by Brian K. Asbury
“You murdering scum! You won’t get away with this!”
Monty Moran whirled about in alarm. “Who said that?” There was no reply. “I said, who’s in here?” He summoned up his powers and transmuted the furniture in the room to dust. None of it seemed to be hiding anyone.
“What the hell is going on here?” he yelled, storming out of the bedroom. His eyes fell on his men, clustered around the door to the storeroom.
“We can’t get in,” Peterson said sheepishly.
Growling, Moran changed the door to oxygen, revealing a prone Grey lying just inside the room and a gaping hole in the opposite wall. “I repeat — what the hell is going on? How did Firestorm get his powers back? And how did he capture Amy?”
“She wanted to try and interrogate him,” said Kowalski.
“And you let her? You confounded idiot, what were you thinking of? And what is that moron doing lying there?” He created a cascade of water over Grey’s head, and the big man stirred.
Peterson knelt down and eased him up. “What happened, Sean?” he said.
Grey moaned. “Dunno. We just stepped in here, an’ the lights went out. Don’t remember…”
“Idiots! Cretins!” screamed Moran. “I leave you for just a few minutes, and this happens! It’s just fortunate that I spotted Firestorm escaping. However, I had to kill him and Miss April both in order to stop them. Someone is going to have to pay for that!”
“But not as much as you are.”
“What? Who said that?”
His men looked at one another. “Nobody spoke, boss,” said Burt Luthor.
“Somebody did! I heard him!” They all shook their heads.
Moran growled and let fly with a nuclear blast, shattering a window down the hall. “I don’t know what’s going on here, but somebody is going to pay the price of trying to make a fool of me! Kowalski, have my men arrived at the new location in Metropolis yet?”
“Yes, boss. We got a call from them just a minute ago. We’ll be ready to make the transfer in just a couple of–”
“Then let’s do it,” said Moran, striding back toward the lab. “The sooner we’re out of here, the better. This place is likely to be swarming with police any minute now.”
And a voice said, “You can escape from the police, but you can’t escape from me. I’ll see that justice is done, wherever you run to!”
And Moran screamed again.
“Yeee-eee-ow! … Er…” Firestorm suddenly felt very foolish. “I’m on the ground? How…?” He looked around as he felt his rescuer release him. He seemed to be in some kind of derelict commercial premises. There were long-empty shelves and counters, most showing signs of fire damage. The floor was filthy and strewn with garbage and soot. “Where…?”
“Not the most elegant of surroundings, I admit. However, it’ll do for now. Are you OK? I didn’t scare you too much, did I?”
“No…” Firestorm stared in amazement at the young Englishwoman. She was no longer clad in the blue and yellow minidress that she had worn as Amy April, but wore a red and white jumpsuit with black boots and long black gloves. Her hair was also no longer blonde but fiery red.
Firestorm did a double-take. “Nice outfit,” he said. “But have I missed something? Last I remember, we were falling through the air, and you were a blonde, and you were wearing…”
“I can transform to energy, remember?” she said. “It’s easy enough to reconstitute myself with a few modifications — such as more appropriate clothing. I’m sure you don’t look like that in your civilian identity.”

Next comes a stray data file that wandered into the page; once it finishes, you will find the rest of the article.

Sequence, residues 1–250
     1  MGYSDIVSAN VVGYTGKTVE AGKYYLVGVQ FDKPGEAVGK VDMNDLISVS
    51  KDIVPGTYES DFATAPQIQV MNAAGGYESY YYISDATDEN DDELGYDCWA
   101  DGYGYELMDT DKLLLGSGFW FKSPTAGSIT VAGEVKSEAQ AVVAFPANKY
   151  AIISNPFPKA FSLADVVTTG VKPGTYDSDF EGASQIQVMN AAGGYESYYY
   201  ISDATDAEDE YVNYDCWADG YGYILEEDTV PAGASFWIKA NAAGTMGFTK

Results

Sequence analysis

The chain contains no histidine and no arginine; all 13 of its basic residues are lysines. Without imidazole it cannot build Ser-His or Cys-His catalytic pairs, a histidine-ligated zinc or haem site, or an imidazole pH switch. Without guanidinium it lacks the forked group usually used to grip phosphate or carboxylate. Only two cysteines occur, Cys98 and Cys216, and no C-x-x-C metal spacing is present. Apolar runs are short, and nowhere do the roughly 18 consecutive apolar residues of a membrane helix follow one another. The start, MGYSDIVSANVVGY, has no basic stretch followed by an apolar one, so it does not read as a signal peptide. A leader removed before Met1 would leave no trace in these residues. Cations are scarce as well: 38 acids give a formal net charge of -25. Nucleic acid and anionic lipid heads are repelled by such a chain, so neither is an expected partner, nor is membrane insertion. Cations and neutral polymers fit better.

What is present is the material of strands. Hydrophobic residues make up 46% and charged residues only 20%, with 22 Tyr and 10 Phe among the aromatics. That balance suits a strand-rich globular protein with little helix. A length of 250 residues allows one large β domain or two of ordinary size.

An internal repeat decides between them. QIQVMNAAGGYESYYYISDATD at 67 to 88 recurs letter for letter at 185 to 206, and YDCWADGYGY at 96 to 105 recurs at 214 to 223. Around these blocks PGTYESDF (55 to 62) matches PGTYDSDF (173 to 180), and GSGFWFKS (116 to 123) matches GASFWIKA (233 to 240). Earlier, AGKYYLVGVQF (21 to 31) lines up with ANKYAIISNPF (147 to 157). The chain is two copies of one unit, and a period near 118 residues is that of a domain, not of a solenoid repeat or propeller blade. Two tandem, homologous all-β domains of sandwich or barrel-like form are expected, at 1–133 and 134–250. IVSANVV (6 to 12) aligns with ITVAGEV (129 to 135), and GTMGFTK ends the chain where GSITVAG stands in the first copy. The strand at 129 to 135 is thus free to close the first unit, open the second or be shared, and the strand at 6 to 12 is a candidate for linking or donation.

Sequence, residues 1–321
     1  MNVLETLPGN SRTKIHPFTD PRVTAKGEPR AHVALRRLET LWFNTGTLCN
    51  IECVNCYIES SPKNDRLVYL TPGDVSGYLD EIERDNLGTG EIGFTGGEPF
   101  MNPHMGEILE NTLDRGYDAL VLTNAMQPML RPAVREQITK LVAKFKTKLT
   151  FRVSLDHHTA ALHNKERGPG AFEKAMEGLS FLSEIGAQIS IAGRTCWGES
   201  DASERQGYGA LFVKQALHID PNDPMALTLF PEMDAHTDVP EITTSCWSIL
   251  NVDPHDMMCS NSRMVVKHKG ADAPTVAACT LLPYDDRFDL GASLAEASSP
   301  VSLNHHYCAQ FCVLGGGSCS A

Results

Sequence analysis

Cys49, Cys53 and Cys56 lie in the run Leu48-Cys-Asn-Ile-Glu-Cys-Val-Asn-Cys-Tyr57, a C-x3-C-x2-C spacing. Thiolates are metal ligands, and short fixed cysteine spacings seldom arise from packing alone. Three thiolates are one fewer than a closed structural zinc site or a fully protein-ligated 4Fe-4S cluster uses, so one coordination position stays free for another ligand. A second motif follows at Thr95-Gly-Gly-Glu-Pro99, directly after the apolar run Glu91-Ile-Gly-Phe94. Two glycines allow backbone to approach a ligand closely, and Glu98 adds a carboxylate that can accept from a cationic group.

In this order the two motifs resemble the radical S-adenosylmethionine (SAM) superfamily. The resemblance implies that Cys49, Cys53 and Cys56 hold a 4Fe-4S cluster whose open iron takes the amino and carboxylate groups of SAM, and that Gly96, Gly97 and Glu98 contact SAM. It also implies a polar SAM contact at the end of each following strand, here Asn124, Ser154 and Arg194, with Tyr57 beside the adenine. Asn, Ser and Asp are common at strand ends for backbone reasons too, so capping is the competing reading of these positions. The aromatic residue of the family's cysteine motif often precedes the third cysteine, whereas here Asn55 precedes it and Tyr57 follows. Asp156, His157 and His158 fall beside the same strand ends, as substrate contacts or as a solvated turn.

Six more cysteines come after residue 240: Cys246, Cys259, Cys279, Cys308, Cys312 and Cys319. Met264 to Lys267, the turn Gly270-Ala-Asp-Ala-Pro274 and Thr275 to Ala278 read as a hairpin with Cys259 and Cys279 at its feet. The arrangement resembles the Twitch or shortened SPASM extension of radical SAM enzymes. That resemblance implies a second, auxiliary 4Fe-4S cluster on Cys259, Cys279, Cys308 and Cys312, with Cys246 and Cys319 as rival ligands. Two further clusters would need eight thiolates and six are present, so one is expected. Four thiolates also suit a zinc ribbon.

“Uh… you can say that again. OK, so there’s more to your powers than just blasting holes in walls. But why didn’t you tell me you could teleport? You scared the spit out of me back there!”
“I can’t teleport any more than I can fly.”
She sighed. “I can carry a passenger when I transform completely.” Firestorm stared at her blankly. “I changed us both into pure energy, flared over here, and then changed us back into matter,” she elaborated.
“So you can fly — in energy form, anyway.”
“So why didn’t you do so straight away?” He was starting to get angry now. “You let me think we were falling to our deaths when you could have saved us at any time. Geez, d’you get some sort of perverted kick out of scaring people?”
“No!” Firebrand’s eyes also reflected anger. “Is that what you think of me? You don’t know me, hotshot, so don’t push your luck.”
“I delayed flaring us away because as we started to fall, I caught sight of Moran leaning out of one of the other windows. I knew he wouldn’t be able to resist attacking us, so it was too good an opportunity to miss. He blasted us with your powers just a split-second before I transformed us. With any luck, he should think he killed us.”
“Oh. OK, sorry. I didn’t know. Er… so why have you brought us here?”
“To meet someone. This operation is completely screwed now. We need to re-think the agenda.” She called out, “Stacker? Are you here?”
A match flared in a darkened corner. “No need to shout, old girl. I’m right here.” A trenchcoated man stepped out of the shadows. “Now,” he said in a silk-smooth Oxbridge English accent. “What do you mean, ‘this operation is completely screwed’? Becca, my dear, what have you done?” the newcomer continued. “Why have you brought… ah, this is Firestorm, isn’t it? Despite the hair, I mean? Why have you brought him here?”
“Firstly, Stacker, it’s Firebrand in public, remember? Secondly, I am not your old girl, and thirdly, yes, this is Firestorm — sans his powers!”
“The whole thing’s gone pear-shaped, Stacker. Moran moved the schedule forward while I was away. And what’s more, he not only siphoned Firestorm’s powers away, he found a way to reverse the machine and transfer them into himself.”
She turned to Firestorm. “Firestorm, allow me to introduce Edward Stacker, a leading light in British Intelligence and, for my sins, my control on this mission. And take my word for it, his vocabulary does consist of more than the word what!”